For now, the U.S. government-bond market appears to be going along with the Federal Reserve’s view that inflation will remain largely under control, even after a few months of eye-popping readings. Beneath the relatively sanguine surface, though, is an undercurrent of worry.
The concern is that 10-year Treasury yields TMUBMUSD10Y, 1.293%, currently hovering around 1.30%— along with breakeven rates implying expectations for annual price gains of about 2.3% over the coming decade — are understating the risks of a prolonged spell of higher U.S. inflation.
And if those risks come to fruition, pushing long-dated yields higher and steepening the yield curve just as in the first quarter, “that can very much lead to volatility across asset classes” as bonds sell off, credit spreads widen and stocks drop, said portfolio manager Scott Ruesterholz of Insight Investment, which manages more than $1 trillion.
Recent comments from prominent investors like BlackRock Inc.’s Larry Fink and DoubleLine Capital’s Jeffrey Gundlach only serve to underscore the worry that the market is being too complacent.
Two straight months of headline U.S. consumer price index rises at or above 5%, have parts of the financial markets unnerved. And pointed questioning by lawmakers during Fed Chairman Jerome Powell’s semi-annual testimony to Congress over the past week may have added to fears that the central bank may be misjudging the persistency of price pressures unleashed by the pandemic, even as the chairman acknowledged “a shock going through the system associated with reopening of the economy.”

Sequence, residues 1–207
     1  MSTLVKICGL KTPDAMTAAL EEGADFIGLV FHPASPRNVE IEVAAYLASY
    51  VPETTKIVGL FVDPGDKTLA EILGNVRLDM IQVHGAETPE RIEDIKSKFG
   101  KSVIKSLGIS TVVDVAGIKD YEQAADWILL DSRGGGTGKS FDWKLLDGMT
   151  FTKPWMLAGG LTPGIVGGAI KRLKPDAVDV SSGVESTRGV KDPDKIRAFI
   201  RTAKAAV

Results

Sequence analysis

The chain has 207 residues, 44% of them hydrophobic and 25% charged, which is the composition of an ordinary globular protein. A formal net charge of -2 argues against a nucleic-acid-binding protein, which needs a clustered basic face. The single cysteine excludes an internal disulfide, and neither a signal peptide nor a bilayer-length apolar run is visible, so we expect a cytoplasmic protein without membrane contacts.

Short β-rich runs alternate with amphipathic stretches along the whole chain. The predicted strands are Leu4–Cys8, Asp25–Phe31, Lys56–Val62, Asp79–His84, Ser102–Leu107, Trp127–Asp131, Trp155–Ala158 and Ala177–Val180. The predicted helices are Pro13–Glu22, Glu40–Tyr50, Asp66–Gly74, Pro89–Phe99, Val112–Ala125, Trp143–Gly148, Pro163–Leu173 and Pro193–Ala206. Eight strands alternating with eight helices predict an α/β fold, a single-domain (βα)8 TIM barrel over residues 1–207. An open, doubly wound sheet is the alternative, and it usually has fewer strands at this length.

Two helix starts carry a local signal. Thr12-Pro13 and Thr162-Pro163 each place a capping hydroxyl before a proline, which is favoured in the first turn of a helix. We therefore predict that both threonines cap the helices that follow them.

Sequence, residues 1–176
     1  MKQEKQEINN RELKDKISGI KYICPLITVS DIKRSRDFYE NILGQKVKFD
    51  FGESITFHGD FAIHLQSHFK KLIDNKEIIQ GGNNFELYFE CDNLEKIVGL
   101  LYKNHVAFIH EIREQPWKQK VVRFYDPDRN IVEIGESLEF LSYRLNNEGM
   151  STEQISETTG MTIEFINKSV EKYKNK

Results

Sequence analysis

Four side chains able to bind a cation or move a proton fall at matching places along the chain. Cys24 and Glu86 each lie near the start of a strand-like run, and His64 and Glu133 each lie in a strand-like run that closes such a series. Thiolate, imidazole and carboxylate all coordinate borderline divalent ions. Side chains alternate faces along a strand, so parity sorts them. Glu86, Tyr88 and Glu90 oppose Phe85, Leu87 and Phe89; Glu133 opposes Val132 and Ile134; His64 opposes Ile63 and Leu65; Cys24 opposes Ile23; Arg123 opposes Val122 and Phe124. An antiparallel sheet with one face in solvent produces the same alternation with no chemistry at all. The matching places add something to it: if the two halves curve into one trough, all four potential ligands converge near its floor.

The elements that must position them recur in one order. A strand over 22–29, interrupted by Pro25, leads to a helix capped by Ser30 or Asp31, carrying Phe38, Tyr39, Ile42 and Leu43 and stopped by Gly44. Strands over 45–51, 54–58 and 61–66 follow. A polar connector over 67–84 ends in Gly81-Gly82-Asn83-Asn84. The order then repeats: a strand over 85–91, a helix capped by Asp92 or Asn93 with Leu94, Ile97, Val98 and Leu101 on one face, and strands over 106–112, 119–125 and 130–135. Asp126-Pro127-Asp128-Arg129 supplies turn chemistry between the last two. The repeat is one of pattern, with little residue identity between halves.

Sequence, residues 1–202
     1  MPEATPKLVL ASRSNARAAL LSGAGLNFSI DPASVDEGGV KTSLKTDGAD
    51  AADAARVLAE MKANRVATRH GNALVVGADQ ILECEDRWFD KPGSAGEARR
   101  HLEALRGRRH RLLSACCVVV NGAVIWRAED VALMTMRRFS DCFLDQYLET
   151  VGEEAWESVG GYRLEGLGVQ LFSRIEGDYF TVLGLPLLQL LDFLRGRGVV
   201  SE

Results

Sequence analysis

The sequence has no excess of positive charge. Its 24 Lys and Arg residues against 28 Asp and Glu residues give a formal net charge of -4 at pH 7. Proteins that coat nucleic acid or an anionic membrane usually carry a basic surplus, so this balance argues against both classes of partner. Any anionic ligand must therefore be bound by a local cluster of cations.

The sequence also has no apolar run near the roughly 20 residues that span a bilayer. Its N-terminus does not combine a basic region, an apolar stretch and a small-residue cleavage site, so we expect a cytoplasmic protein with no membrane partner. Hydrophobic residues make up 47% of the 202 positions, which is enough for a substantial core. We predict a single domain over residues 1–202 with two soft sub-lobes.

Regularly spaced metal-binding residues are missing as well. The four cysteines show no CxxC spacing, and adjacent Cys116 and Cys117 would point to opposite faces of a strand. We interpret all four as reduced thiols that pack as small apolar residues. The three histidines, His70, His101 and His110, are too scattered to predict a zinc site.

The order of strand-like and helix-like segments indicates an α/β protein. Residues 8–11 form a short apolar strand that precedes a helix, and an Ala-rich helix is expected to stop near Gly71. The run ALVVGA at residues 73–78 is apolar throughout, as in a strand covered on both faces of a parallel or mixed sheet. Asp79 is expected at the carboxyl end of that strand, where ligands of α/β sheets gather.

A painful ride
“There is definitely a risk that the market has it wrong here,” said Mark Heppenstall, chief investment officer of Penn Mutual Asset Management, which manages $33 billion from Horsham, Pa. The CIO sees the possibility that headline consumer-price readings come in between 3% and 4% over the next six months as gross domestic product, or GDP, hits 7% to 8% for the year, pushing the 10-year Treasury back toward 2%. If higher inflation and slower economic growth play out, on the other hand, that could create “a push-pull dynamic in rates that leaves the bond market more to grapple with.”